In his book ‘Working Out Loud’, John Stepper shares some practical ‘small first steps’ we can all take to develop the habit of Working Out Loud (WOL) and help us move towards our own goals.
John defines Working Out Loud as “an approach to building relationships that can help you in some way. It’s a practice that combines conventional wisdom about relationships with modern ways to reach and engage people. When you work out loud, you feel good and empowered at the same time.”
It is made up of 5 elements, Relationships, Generosity, Visible Work, Purposeful Discovery and A Growth Mindset. You can read more about the approach here.
The stories John shares in the book demonstrate the way WOL opens the door to new connections, new possibilities and change – at both an individual and organisational level.
Making Working Out Loud a habit
One way to develop your habit of Working Out Loud is to join a Working Out Loud Circle.
Working Out Loud Circles provide a space and framework in which to practice WOL. They act like a time-limited peer support group John has created and freely shared WOL Circle Guides for the 12 week life cycle of a circle. The guides provide tips, tasks and coaching tools designed to help the circle support each other to move towards their own personal or professional goals whilst also developing the habit of Working Out Loud.
This ‘peer support group’ works together to help its members answer three questions:
- What am I trying to do?
- Who is related to my goal?
- How can I contribute to them to deepen our relationships?
Whereas a Circle isn’t absolutely necessary for someone to start Working Out Loud, it can be a huge support. The commitment to others means that people keep on doing what they’ve said they will, and over time, their new ways of working become a habit.
People are starting to see the benefits, and WOL circles are now growing around the world both in organisations and in communities. They have spread to 17 countries so far. John holds them lightly, giving others permission to adapt to best suit their needs and context. I’m particularly keen to test them out and adapt to best suit needs of social entrepreneurs, activists and community organisers to help make social change in Greater Manchester and the UK. I think they have the potential to further enhance and spread peer to peer learning and to be a great equaliser. They create new opportunities for people who don’t have ready access to large networks, shared learning and personal coaching.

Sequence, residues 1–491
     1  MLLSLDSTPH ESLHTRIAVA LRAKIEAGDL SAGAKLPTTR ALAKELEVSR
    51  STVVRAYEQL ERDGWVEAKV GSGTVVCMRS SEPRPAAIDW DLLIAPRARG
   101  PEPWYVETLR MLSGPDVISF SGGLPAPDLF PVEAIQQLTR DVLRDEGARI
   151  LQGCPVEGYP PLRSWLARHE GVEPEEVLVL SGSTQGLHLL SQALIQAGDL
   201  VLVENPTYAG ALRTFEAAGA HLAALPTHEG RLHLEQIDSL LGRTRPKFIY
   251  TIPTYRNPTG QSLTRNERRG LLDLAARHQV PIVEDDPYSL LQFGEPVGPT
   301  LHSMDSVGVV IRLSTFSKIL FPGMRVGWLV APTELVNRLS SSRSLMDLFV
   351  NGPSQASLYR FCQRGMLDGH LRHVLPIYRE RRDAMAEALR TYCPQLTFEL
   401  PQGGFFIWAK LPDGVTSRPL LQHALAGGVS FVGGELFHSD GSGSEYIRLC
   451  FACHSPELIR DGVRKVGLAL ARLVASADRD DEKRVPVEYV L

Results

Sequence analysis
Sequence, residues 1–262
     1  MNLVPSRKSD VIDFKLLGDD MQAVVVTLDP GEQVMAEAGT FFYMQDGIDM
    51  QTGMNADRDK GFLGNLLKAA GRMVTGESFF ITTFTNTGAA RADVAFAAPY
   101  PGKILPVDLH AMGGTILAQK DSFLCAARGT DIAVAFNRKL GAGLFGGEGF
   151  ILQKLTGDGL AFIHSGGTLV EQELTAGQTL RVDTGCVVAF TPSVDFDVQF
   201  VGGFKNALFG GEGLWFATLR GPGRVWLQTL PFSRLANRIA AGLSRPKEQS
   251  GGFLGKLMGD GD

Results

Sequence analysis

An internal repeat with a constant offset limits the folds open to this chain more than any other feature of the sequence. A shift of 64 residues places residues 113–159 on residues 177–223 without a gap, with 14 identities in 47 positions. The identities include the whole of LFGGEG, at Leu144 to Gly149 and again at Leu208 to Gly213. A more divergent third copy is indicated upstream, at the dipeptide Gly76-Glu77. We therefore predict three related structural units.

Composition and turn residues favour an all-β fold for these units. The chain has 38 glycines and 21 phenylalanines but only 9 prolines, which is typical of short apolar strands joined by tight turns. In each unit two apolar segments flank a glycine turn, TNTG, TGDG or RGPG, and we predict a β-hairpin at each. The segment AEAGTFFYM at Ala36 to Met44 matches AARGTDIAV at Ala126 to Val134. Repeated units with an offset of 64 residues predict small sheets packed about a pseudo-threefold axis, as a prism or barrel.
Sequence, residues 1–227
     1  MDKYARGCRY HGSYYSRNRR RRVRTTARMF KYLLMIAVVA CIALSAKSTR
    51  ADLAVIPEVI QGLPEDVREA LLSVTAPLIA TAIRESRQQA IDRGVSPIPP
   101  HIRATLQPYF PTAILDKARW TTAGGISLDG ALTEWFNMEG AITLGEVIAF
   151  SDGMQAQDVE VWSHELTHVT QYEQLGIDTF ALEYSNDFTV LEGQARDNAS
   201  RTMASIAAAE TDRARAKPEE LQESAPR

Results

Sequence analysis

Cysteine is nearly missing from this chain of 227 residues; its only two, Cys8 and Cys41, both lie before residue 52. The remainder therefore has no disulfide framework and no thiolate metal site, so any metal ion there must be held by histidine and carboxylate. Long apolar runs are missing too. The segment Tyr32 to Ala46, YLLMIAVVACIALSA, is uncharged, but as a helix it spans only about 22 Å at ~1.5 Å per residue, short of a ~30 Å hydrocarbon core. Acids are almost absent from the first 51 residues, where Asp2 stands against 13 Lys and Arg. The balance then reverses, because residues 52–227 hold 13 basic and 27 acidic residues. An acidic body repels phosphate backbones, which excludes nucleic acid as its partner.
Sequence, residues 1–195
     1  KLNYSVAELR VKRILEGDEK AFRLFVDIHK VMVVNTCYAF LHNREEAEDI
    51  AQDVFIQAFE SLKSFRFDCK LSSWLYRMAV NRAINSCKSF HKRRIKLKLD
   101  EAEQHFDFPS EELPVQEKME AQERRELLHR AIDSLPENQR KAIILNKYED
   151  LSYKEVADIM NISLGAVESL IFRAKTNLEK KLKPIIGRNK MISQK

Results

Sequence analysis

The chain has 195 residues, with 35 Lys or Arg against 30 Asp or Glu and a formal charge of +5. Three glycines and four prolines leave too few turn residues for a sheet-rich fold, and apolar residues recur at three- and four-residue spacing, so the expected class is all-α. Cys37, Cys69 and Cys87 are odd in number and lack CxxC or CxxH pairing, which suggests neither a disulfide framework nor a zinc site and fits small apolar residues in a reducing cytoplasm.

I’m keen to hear what others make of them. And I’m open to challenges, suggestions for improvements and to being pointed to other similar examples/practices that already exist.
Still not so sure?
As with everything the best way to test is to experience for yourself. I was skeptical at first – my first thought was ‘here’s another privileged, pale, male, American, from a large global bank, trying to tell the rest of the world how to be generous and to collaborate!’. Sorry John! Whether your initial reaction is one of skepticism, curiosity or excitement, I’d invite you to give it a go. The framework, support, accountability and discipline that my circle has provided, has helped me make tangible steps towards my goal. Progress I could not have made on my own.
If you’re up for it, here are some ways you could get started:
- set up your own WOL circle at any point, anywhere, with whomever you choose;making use of the free circle guides.
- If you are keen to start a circle but don’t know where to start please do get in contact and I’ll happily connect you with others and help get you started. Some people use the Facebook group to advertise a new circle. Fellow WOLers Michelle and Mara have initiated wide scale public circles in Australia and New Zealand. And companies including Deutsche Bank, Bosch and Cisco are spreading circles at a rapid rate across their organisations.
- If you want to know more about how to set up a circle and become a WOL coach you can join our first WOL circles course which is starting on 9 June. This will give you the opportunity to test out a condensed circle for yourself over six weeks, with support from John and our team of wonderful WOL coaches.
If you do try out WOL and WOL Circles for yourself, please do let me know how you get on. All feedback is welcomed.
As a first step, why not leave a comment on this blog. All comments welcomed, it doesn’t need to be anything deep or meaningful, just a ‘hi’ can be a good place to start!